In addition, unemployment has jumped throughout the region, driving up the demand for free and low-cost food.
Foodlink’s evolution to meet that demand manifests in a number of ways. The organization continues to provide fresh produce to its partners, but it also has initiated drive-through food distribution.
“We’ve done 30,000 of those boxes this way,” Tedesco says. “We normally would have done about the same number of pounds through our network of agencies.”
Drive-through food dispensing doesn’t work for those without transportation or who can’t leave their homes. To serve them, the organization supplies food boxes to Lifespan of Greater Rochester, the Ibero-American Action League and Action for a Better Community. Those agencies then give the boxes to seniors and others who are unable to make it to Foodlink’s distribution points.
Distribution to families with kids also has increased. Before COVID-19 struck, Foodlink provided about 3,500 meals a day to children in Rochester’s schools and after-school programs. Now, the nonprofit daily hands out about 5,000 fresh meals for children at 16 Rochester recreation centers and school campuses.
“It’s the ‘grab-and-go’ model,’” Tedesco says. “I’m proud to say we’ve done about 190,000 meals since March 16.”
A hefty price
These measures don’t come without price tags. Foodlink projects that COVID-19 will directly cost the nonprofit about $3.1 million by the time its fiscal year ends on June 30, Tedesco says. Atop that, Foodlink also has lost the revenue it would usually receive from Curbside Market sales, reimbursements for the meals it gives to schools and after-school programs, and payments for nutrition instruction and other services.
The increase in operating costs and drop in revenue have been a challenge for Foodlink to absorb, but charitable donations have risen dramatically. Since COVID-19 hit, the organization has received $3.5 million in donations. At least $2.6 million of that total was specifically given to help it deal with the impact of COVID-19.
“In the same timespan last year, we raised about $400,000,” Tedesco notes.
Since mid-March, Wegmans and the United Way of Greater Rochester have pledged a total of $965,000 in emergency funds to Foodlink. While Tedesco welcomes the additional financial support, she’s uncertain whether it will continue over the long term.
“We expect our heightened response to this public health crisis and the recession that ensues to last a minimum of 18 months,” she says. “I think our community will continue to be generous, but I don’t think that this level of giving … would be sustained for that period of time.”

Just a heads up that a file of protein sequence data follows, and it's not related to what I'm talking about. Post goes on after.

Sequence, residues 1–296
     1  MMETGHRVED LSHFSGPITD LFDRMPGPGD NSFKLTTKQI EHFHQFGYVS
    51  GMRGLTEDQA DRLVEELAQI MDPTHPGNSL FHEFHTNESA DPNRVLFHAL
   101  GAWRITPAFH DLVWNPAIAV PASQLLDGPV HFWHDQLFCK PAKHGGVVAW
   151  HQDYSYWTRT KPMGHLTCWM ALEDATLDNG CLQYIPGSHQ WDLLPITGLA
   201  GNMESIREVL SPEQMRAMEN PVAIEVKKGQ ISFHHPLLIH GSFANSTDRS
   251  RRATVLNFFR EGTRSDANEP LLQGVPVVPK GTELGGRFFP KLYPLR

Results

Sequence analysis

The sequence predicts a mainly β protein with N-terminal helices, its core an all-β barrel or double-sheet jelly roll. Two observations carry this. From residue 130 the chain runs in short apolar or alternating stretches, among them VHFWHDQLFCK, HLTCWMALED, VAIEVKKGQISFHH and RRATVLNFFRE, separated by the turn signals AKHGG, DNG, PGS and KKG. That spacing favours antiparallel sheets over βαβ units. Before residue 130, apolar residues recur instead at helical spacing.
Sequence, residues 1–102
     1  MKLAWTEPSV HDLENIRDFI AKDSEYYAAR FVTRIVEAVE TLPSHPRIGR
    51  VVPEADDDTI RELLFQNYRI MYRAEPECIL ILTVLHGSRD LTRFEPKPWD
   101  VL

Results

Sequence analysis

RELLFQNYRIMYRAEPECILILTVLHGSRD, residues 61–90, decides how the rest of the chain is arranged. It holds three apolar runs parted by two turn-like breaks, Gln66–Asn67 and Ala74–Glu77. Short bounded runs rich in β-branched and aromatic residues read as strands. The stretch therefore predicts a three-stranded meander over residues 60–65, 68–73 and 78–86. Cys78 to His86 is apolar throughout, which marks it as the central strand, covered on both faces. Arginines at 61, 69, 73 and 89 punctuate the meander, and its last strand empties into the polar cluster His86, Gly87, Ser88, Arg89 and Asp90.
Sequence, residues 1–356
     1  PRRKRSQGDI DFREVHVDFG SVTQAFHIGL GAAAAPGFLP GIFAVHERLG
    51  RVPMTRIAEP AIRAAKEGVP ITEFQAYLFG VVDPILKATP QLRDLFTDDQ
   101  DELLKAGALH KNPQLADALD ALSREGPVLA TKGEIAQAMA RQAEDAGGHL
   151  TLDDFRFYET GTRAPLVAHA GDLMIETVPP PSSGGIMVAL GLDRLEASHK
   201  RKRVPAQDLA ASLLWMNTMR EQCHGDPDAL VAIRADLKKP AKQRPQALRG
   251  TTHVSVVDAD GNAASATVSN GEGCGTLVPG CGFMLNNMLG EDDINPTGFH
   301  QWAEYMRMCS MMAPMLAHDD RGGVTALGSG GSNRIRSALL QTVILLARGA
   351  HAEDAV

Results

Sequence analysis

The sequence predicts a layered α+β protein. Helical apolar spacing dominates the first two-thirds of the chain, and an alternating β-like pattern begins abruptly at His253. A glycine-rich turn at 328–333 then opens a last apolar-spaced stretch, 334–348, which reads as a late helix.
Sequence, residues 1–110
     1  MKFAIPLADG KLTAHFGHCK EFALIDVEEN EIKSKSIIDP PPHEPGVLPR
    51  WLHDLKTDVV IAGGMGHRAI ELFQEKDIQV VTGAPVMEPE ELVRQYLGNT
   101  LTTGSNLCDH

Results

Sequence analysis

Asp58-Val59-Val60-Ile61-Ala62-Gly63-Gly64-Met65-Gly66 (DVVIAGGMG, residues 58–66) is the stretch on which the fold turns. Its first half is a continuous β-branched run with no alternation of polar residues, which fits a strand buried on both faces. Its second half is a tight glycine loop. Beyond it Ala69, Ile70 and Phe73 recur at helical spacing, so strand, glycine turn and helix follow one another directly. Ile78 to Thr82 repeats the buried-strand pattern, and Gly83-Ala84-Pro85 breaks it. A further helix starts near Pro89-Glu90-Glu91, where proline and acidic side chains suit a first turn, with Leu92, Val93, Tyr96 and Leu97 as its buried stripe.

With that in mind, Foodlink is reserving funds for use over the long haul.
“We’re really trying to make sure (that) we are able to continue to meet the heightened need,” Tedesco says.
Foodlink’s coronavirus safety measures have taken a less-quantifiable toll on its employees.
“Conditions that limit your ability to be near people, that put restrictions on you, have not just been a logistical challenge, it’s been a challenge for people’s morale,” Tedesco explains. “It drags a little bit on your spirit.”
While she insists that she’s “doing OK,” even Tedesco admits to feeling the stress brought on by the pandemic.
“This week is the first time it hit me that the days are just running into one another,” she says. “It doesn’t really feel that there’s been a weekend in two months.”
On June 11, Monroe County was given the go-ahead to enter phase three of New York’s reopening plan, permitting offices, hair salons and other businesses to begin serving customers again. Tedesco says that won’t affect Foodlink’s operations, but she hopes to do a “soft reboot” of the Curbside Market program this month.
“We know that it’s needed now more than ever, … but the model is going to change,” she explains. “Maybe we have pre-boxed fruits and vegetables that we can hand to people.”
United Way president and CEO Jaime Saunders has known Tedesco for years. The two met when Tedesco turned to Saunders, another Maxwell School graduate, for assistance with networking before joining Foodlink.
“I find her incredibly intelligent, entrepreneurial, very calm, and very committed,” Saunders says of her friend.
She commends Tedesco for Foodlink’s response to COVID-19.
“She has taken the foodbank, and all of its assets … and the power of food to change the community,” Saunders says.
Though Tedesco seems able to take on many challenges, things haven’t always gone completely smoothly for her at Foodlink. Take the time about eight years ago when she and Keller decided to reward their coworkers by making popcorn for them. They ended up setting the building’s fire alarm off.
Keller sometimes trots out that story when Tedesco comes up with a new way to show her appreciation for Foodlink’s employees.
“I’ll joke, ‘At least the office won’t smell like burnt popcorn,’” Keller says.
Mike Costanza is a Rochester Beacon contributing writer.